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Colorful Tins Delight Collectors

I’ve always liked colorful old tins, especially the ones with interesting scenes as decoration. Vintage tins are attractive and convenient — a perfect place to store all the stuff that we accumulate.

Many are available, both old and new, from merchants of yesteryear. I remember the first tin that I bought. It’s shown in the column and features a medieval scene that looks like a carnival.

It’s perfect as a small jewelry box which is what I’ve use it for. It sits on my dresser alongside other small boxes of porcelain and metal.

Lithographed advertising tins are a popular collecting category. Examples of products that were sold in tins like these include everything from coffee and tobacco to other beverages and food products.

Attractive tins are easy to find and perfect to collect since there are so many themes to shape a collection around.

For example, you could focus on Made in Holland tins that frequently can be found at antique shops and often feature a floral theme. My mom left me several of these and I still use them in the kitchen for holding tea bags and crackers.

I also have several big round Hostess tins that are useful for storing cookie cutters, another kitchen collectible. These originally held fruit cakes.

Or you could go with Made in England tins that also are plentiful and stick with this country of origin. Even talcum powder and toiletries were packed in tins so there are many sizes and shapes available.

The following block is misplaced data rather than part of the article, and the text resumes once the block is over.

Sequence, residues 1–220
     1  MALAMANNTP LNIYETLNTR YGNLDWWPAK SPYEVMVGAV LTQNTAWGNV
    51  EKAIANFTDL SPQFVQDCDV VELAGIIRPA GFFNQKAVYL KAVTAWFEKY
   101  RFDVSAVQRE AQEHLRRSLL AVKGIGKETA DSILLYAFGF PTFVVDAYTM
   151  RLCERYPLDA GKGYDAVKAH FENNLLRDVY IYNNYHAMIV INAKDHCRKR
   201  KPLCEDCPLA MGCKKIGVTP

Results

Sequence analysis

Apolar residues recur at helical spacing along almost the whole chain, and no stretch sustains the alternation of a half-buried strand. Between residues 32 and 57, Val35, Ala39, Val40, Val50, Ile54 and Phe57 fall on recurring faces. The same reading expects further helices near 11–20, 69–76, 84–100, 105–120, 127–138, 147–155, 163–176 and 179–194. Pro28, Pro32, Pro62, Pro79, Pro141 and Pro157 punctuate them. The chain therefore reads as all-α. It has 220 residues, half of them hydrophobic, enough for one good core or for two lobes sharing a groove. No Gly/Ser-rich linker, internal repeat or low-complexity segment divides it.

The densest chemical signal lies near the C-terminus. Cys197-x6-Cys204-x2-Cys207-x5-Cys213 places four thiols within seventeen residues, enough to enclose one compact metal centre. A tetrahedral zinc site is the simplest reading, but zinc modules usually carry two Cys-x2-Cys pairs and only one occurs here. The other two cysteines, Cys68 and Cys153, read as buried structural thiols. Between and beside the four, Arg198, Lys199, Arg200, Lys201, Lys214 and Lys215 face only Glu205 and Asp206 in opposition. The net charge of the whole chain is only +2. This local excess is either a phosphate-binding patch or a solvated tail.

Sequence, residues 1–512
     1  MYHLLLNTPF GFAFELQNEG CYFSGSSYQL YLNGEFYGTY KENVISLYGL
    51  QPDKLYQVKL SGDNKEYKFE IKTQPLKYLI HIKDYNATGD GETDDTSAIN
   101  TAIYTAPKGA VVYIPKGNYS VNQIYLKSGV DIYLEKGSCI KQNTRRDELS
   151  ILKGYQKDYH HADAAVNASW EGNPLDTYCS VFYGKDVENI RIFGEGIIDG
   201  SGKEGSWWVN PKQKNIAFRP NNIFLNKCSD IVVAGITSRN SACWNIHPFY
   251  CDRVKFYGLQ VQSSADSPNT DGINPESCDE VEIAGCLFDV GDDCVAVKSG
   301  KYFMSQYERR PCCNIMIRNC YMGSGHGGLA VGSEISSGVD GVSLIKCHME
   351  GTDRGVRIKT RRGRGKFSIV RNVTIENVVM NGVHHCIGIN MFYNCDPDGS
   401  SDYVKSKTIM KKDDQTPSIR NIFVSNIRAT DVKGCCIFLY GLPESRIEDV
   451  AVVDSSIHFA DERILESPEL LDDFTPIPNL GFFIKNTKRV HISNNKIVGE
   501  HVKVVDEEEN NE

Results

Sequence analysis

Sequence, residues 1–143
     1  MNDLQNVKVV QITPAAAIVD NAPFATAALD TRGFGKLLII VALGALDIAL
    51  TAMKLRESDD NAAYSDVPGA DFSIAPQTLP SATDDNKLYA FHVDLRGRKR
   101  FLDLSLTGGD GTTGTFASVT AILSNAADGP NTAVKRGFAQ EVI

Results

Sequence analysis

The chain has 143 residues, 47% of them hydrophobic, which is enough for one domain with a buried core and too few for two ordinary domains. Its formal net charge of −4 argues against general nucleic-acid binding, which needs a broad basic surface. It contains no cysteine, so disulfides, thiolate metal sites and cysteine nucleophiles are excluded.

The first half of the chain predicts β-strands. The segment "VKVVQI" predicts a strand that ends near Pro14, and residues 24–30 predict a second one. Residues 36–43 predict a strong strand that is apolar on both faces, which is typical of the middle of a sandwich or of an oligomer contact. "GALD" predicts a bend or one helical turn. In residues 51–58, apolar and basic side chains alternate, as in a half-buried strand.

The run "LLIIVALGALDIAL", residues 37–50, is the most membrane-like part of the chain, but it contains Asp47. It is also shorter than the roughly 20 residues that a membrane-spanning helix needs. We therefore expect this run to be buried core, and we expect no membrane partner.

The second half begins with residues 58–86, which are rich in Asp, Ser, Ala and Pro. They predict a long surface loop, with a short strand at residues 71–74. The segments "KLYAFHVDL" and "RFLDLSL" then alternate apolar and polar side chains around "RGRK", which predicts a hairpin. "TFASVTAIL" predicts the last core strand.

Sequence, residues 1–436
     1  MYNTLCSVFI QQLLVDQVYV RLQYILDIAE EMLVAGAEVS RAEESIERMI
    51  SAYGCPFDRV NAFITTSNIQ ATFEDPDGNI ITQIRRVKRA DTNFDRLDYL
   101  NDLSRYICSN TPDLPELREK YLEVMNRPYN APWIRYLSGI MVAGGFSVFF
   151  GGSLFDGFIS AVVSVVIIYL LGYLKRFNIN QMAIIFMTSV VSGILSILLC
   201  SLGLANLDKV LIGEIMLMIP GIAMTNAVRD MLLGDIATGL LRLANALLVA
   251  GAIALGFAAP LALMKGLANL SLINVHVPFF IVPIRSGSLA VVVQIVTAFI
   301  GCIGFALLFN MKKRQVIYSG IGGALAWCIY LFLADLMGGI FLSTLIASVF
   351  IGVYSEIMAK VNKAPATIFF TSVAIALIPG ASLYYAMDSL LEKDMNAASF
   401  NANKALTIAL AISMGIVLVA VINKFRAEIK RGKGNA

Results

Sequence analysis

According to Schroeder’s Antique price guide books, after 1880, can companies began to decorate containers by the method of lithography. Though colors were still subdued, intricate designs were used to attract the eye of the consumer.

Then in 1906, the Pure Food and Drug Administration began to require that the manufacturer and brand name had to be printed on the label. Color became more important and eventually the tins began to be designed for reuse by the consumer, for example as canisters or lunch boxes.

Seems so much better than today’s extensive product packaging that is throw-away and burdening society with too much waste. Tins also are a great alternative to plastic storage containers, which I dislike.

Tobacco and coffee tins are usually the most sought after tins by collectors, by the way. I’m not sure why since these are not my favorite tins! I like the pretty ones that can double as canisters in the kitchen or trinket boxes on the dressing table.

Tins, like so many collectibles, have fallen in prices over the years since the 1970s, but still maintain a strong interest with antique enthusiasts. I think this would be a good collectible to attract young collectors, too, since the “green” movement encourages reuse and recycle.

And here’s a helpful hint from Kovels Antiques that suggests that you can remove rust from old tins by using an ink eraser, even the kind that come on a ball point pens. I haven’t heard of this before but I’m going to give it a try and see how it works.

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